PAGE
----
La Vita é Bella (Life is Beautiful) is a lightweight drama. Directed by and starring one of Italy’s greatest living comics, it naturally contains some comic scenes. I mention these facts up-front because they become interesting once you know that half the film is set in a Nazi prison camp.
Mixing humor and concentration camps is audacious, and it has stirred a healthy amount of controversy. Some say that the very idea cheapens the memory of those who lost their lives. Frankly, it’s hard to argue with that point of view. If you can’t forgive a movie for attempting such a combination, you should skip it.
However, if you’re willing to be open, Benigni handles the mix very well. By focusing on the bond between father and son, and only drawing a sketchy picture of the horrible life of Jewish prisoners, Benigni moved and shrunk the target for criticism, and he allowed the small human story to bloom.
The movie begins like any other light romantic drama. It is Italy, before the war. Guido (Benigni) is a waiter with a penchant for riddles. He is in love with a woman whom he’s met only once. Through a series of coincidences (some of them arranged) he finally gets to know Dora (Nicoletta Braschi), the woman of his dreams.
Guido learns that Dora, a schoolteacher, is already promised to someone “better,” someone with more prestige and money than him. Nevertheless, he persists in pursuing her affections.
Guido’s charm is amazing. In one of the finest comic set pieces on film, several gags, which have been set up over about 20 minutes of screen time, are paid off, one by one, all to impress a beautiful girl. The effect marvelous, both for the audience and for Dora.
One evening at a party, the cheerful harmony of the film starts to shift. A horse of Guido’s uncle has been painted bright green with anti-Semitic slogans. A handful of partygoers, interested in the new German situation, talk casually about mathematical word problems involving money saved by executing cripples. Nevertheless, the film’s melody remains bright, for this is the night that Guido finally captures Dora’s heart, her soul, and her body.
The film cuts forward in time. Italy has changed drastically, especially for Italian Jews. Guido now has a son, to whom he teaches meekness in the face of repressive Italian authority. Meekness is life. The alternative is death. And as the title reminds us, life — any life — is beautiful.
Although he doesn’t deal with the mistreatment of Jews as a whole, Benigni shows how institutionalized racism affected a single ordinary man. On their way home one day Guido and his son Giosué (Girogio Cantarini) encounter a storefront sign that says “No Jews or Dogs.”
How would you explain this sign, not as a historian, but as a father to your son? How do you tell him what it means without blackening his heart? Guido not only answers his son’s questions, he does it in a way that removes them from the cruelty, and elevates them above their cold reality. In addition, it illustrates for the audience how childish the sign really is.
Needless to say, the sign was a sign of worse things to come. It isn’t long before Guido and his son are shipped off to a prison camp. Now instead of a single insulting sign, Guido has a whole world, an entire reality, to explain away.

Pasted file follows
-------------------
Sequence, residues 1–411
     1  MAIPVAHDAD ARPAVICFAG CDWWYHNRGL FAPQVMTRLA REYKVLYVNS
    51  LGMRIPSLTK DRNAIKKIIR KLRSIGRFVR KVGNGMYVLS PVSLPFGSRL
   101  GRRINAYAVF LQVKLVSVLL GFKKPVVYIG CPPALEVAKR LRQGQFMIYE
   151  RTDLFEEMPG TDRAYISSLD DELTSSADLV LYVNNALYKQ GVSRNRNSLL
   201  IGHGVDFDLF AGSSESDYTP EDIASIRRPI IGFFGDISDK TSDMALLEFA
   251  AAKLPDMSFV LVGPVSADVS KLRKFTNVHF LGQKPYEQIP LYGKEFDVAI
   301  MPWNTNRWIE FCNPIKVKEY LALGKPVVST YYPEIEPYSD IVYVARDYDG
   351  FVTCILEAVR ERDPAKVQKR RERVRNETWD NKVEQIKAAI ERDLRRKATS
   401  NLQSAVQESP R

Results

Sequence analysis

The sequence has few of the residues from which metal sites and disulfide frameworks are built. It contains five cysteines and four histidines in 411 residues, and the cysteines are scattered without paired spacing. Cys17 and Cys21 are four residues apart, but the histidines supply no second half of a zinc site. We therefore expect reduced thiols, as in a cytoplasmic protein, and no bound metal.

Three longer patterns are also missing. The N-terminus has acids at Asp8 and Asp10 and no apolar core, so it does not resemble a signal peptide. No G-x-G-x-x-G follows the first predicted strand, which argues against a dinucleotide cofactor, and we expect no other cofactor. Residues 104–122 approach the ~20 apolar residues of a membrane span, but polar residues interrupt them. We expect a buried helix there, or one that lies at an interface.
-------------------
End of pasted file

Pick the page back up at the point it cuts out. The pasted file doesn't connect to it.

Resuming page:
In this last half of the film, Guido tries desperately to come up with an elaborate explanation of their situation. They are not in a prison camp, they are playing an extended game. There are rules, opponents, and points earned for bravery and for not talking. If they can only earn 1,000 points, they will win a tank and get to go home.
The real heart of the movie is that Guido doesn’t see anything fun about his “game.” He loves his son so much that he will risk everything, not just to protect his body, but to protect his mind and soul as well. The task is overwhelming, and it seems doomed to failure, but Guido refuses to quit.
It is this indomitable struggle for some tiny shred of goodness and hope, in the face of an overwhelming evil, that makes this film so moving.
Benigni is great in the role of Guido. He knows that fighting the situation head-on is futile. All he can do is smirk at the absurdity of the Nazi ideology. But Benigni is careful never to laugh too hard, and he never pretends he can fight head-on as a prisoner. He plays the part with an ironic resignation that is perfect for this film.
This film has stirred resentment and disdain in some critics. That a light, often humorous drama is set in a Nazi prison camp are an unacceptable mix, they say. Others blame the director for deliberately using that combination to push buttons and pull strings.
While I wouldn’t argue with them — I don’t think I could say anything to change their minds — I do disagree. To the first objection I would say that Benigni has as much right to set a story in a prison camp as any other filmmaker. While his depiction wasn’t as grim or graphic as in other films, he still handled the setting with an appropriate gravity.
To the second objection, I would say: let your buttons be pushed and your strings be pulled. Why else do we go to movies if not to be moved?
Giving myself to the film, I was rewarded with one of the most moving and crushing films in years. Though I often cry at movies, I rarely lose control. Life is Beautiful, and its simple message that life — any life — is beautiful, nearly succeeded.